Periyar’s Philosophy being recognized all over India
There has been a news item in the ‘The Times of India’ dated 19th August, about young couple going for smaller weddings without rituals and limiting the number of guests. Two recent instances have been cited. One is that of Malavika Krishnaswami a 27 year old Hindu marrying Alex Joseph, a 28 years old Christian. They had been courting for some time, and all through those years they had been freeing themselves from the concepts of organized religion. Hence they decided, when they were about to get married, to deliberately avoid the church and the temple, and chose to get married at a private beaches Thiruvananthapuram. Needless to say that there were no religious rites. To the background of movie songs they exchanged rings and read out self-written vows.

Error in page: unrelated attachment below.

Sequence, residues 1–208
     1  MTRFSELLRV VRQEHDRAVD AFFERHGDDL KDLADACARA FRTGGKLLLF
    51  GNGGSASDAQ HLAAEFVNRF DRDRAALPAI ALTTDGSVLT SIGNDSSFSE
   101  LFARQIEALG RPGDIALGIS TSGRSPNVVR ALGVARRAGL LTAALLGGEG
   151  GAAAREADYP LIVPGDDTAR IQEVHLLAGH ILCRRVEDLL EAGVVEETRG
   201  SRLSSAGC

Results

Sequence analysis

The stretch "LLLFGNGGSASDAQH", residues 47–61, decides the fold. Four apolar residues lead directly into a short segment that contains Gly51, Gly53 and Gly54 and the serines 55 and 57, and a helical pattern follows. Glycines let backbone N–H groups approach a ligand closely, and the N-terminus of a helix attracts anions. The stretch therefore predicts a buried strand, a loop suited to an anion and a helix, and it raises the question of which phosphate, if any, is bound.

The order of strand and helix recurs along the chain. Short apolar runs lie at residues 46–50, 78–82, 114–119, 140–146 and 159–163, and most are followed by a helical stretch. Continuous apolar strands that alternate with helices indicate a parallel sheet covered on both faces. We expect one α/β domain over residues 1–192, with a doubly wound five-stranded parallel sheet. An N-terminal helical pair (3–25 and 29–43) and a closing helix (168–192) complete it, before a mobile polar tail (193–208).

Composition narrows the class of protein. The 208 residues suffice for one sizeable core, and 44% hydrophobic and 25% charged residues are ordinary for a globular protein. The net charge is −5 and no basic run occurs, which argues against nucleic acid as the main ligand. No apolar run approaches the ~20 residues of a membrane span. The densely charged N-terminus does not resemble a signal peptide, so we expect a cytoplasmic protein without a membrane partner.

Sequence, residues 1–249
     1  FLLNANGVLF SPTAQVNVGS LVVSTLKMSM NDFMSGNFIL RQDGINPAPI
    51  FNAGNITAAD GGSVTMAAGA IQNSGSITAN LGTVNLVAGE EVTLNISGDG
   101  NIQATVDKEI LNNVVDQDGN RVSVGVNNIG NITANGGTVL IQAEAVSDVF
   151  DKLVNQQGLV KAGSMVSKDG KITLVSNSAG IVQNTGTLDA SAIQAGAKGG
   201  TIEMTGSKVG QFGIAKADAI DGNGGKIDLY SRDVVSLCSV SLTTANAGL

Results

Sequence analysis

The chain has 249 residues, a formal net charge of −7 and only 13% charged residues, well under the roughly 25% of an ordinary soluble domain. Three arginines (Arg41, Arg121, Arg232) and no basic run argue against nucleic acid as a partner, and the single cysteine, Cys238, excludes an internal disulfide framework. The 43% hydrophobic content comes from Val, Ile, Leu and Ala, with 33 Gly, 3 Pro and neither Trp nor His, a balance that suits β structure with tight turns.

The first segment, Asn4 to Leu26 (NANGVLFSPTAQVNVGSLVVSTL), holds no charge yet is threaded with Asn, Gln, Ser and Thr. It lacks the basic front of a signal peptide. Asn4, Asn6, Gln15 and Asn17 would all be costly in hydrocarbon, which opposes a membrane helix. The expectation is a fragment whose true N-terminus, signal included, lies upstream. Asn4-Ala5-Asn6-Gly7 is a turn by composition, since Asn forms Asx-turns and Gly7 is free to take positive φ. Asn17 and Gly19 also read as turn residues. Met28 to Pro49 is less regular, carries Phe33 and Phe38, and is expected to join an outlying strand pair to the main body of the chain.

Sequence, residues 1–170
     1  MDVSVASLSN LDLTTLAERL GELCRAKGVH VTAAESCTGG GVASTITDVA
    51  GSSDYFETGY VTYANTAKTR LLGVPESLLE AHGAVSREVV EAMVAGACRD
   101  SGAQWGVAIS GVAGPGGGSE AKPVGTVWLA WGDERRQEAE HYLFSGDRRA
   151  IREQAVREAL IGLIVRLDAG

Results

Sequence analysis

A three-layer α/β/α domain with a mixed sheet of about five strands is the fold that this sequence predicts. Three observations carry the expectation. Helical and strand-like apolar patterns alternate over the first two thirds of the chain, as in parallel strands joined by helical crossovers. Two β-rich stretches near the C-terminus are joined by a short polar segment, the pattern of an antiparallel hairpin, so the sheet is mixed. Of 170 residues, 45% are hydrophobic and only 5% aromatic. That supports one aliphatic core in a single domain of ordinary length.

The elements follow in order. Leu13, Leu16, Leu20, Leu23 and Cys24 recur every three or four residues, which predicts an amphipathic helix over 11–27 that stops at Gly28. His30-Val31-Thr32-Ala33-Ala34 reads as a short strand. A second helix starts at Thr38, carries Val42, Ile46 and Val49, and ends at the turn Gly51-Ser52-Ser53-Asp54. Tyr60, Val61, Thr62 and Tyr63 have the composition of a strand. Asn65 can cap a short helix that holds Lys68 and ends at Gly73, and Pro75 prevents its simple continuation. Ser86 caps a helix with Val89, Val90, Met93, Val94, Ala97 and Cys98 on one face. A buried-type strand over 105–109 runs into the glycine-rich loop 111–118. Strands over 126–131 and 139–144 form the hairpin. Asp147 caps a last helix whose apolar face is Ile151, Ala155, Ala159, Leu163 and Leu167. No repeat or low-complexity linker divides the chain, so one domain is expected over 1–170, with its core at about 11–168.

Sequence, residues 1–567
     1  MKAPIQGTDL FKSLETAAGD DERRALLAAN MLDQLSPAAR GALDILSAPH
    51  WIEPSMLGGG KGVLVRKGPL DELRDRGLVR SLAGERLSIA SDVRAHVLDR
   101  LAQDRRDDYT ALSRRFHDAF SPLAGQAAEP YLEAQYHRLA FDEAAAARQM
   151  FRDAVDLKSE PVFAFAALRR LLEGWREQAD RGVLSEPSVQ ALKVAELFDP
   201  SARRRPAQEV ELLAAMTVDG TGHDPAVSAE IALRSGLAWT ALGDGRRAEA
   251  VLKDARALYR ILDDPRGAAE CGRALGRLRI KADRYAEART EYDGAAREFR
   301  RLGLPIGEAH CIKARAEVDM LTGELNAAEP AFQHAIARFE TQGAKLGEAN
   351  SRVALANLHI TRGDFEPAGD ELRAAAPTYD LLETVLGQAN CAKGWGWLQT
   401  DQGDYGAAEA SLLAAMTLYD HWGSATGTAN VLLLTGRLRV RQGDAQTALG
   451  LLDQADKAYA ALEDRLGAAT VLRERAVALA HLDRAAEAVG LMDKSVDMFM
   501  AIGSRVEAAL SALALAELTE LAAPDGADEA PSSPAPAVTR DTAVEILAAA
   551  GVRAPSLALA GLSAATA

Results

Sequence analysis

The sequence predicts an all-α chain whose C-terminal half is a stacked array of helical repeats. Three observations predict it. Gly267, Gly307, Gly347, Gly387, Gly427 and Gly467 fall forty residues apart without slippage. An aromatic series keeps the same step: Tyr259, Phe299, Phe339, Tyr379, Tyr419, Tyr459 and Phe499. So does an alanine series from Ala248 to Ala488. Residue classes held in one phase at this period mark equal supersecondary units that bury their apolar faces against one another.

The other example is that of Pune based Anusha Ravishankar and Ajinkya D, her partner, in December 2017, in a ceremony, lasting merely 20 minutes when they signed documents in the presence of their friends and later registered the wedding under the Special Marriage Act.
With a sense of excitement, the newspaper welcomes the trend in laudatory terms and goes on enumerating the advantages of smaller weddings. Many youngsters seem to opt for such weddings without rituals, with the eldest member of the family formalizing it with rings or a thali. Limiting of the guests enables the couple to personally interact with everyone of them.